Superintendent's Update

February 19, 2020


As school cycles go, we are making a push to the home stretch and thoughts are turning to the future. There are many markers that the future is bright for PAUSD. I want to share some of the reasons we should be optimistic from the seat of my position as your Superintendent.

Walking our campuses, I have the opportunity to see joy in the faces of our students and staff. Of course, there are exceptions to every generality. That aside, our schools are overwhelmingly positive and healthy places. Backpacks are placed on outside hooks, kids play together during recess, our student leadership groups are addressing the important topics of secondary life, performances are amazing, and caring adults are guiding our students along the way.

I get the unique opportunity to see our staff in professional development settings. Our middle school math teachers are ALL involved in training together in preparation for some shifts next year. I am positive there is some anxiety, but the packed room was filled with positive attitudes and a mindset that our students can achieve anything with the support of our staff. They are invested in the process and in our students. It is another example of how lucky we are to have dedicated professionals in important positions.

Teams are working across the District to address struggling readers, early literacy, and phonemic awareness. We are having healthy debates about the science of reading and how we may fill some gaps in our programs without starting from scratch. Stakeholders are engaged from every corner with best intentions to help our students learn the skills necessary to navigate a world largely dependent upon the ability to read to learn.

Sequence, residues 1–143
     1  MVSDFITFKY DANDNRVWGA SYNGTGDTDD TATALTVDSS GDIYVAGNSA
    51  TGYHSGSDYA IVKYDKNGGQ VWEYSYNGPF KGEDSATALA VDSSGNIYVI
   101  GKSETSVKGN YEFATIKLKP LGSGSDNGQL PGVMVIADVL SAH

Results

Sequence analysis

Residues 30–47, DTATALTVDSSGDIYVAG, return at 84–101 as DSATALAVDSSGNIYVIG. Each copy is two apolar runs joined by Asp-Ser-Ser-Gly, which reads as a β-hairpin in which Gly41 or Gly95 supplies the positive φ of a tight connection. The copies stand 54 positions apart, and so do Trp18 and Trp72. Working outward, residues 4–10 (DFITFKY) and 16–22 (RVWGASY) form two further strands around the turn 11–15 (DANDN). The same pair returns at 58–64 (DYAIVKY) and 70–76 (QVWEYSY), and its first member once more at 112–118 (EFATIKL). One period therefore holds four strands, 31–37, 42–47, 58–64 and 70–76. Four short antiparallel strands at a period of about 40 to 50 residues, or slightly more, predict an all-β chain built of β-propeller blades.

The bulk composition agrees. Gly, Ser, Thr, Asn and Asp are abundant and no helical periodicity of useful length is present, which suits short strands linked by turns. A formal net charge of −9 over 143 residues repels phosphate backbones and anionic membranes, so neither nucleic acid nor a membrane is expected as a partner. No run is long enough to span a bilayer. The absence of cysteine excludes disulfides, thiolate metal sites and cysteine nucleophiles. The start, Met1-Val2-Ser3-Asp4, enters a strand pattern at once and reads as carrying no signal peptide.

Our employee recruitment pools are becoming more robust with high-quality candidates. This is a good sign connected to the external acknowledgement that we are doing some good work and important indicators are stabilizing. Our Board is narrowing our focus and identifying impactful desired outcomes for our students to be measured over time. For the first time, we are seeing some growth in the historically challenging endeavor to shrink the achievement gap. With plenty of room to grow, it is encouraging to see some pockets of excellence developing around the District that can be replicated in the future.

Our horizon is shaping up nicely. Building upon the past strengths of the District to address gaps is a formula that has worked in other settings. Optimism is a good thing and it is growing in PAUSD!


Join the PAUSD Community for a Day of Learning!

The 2nd Annual PAUSD Parent Leadership Summit is just around the block!

This year, our slogan is “Opening Doors to Student Success and Wellbeing,” and we aim to do just that! We have over 50 sessions to choose from, everything from “10 Tech Tips for Parents,” and “From Anxiety to Resiliency: Family Solutions,” to “How to use Executive Functioning Strategies with your students to complete homework.” This year, our 60+ presenters come from local organizations like the Children’s Health Council, Stanford Medicine, REEL, Social Thinking, CAC, PTAC, PAUSD in many forms, and more!

Saturday, February 22, 8:30 a.m.-2:00 p.m. at Gunn High School

Check-In starts at 8:30 a.m., with breakfast and coffee.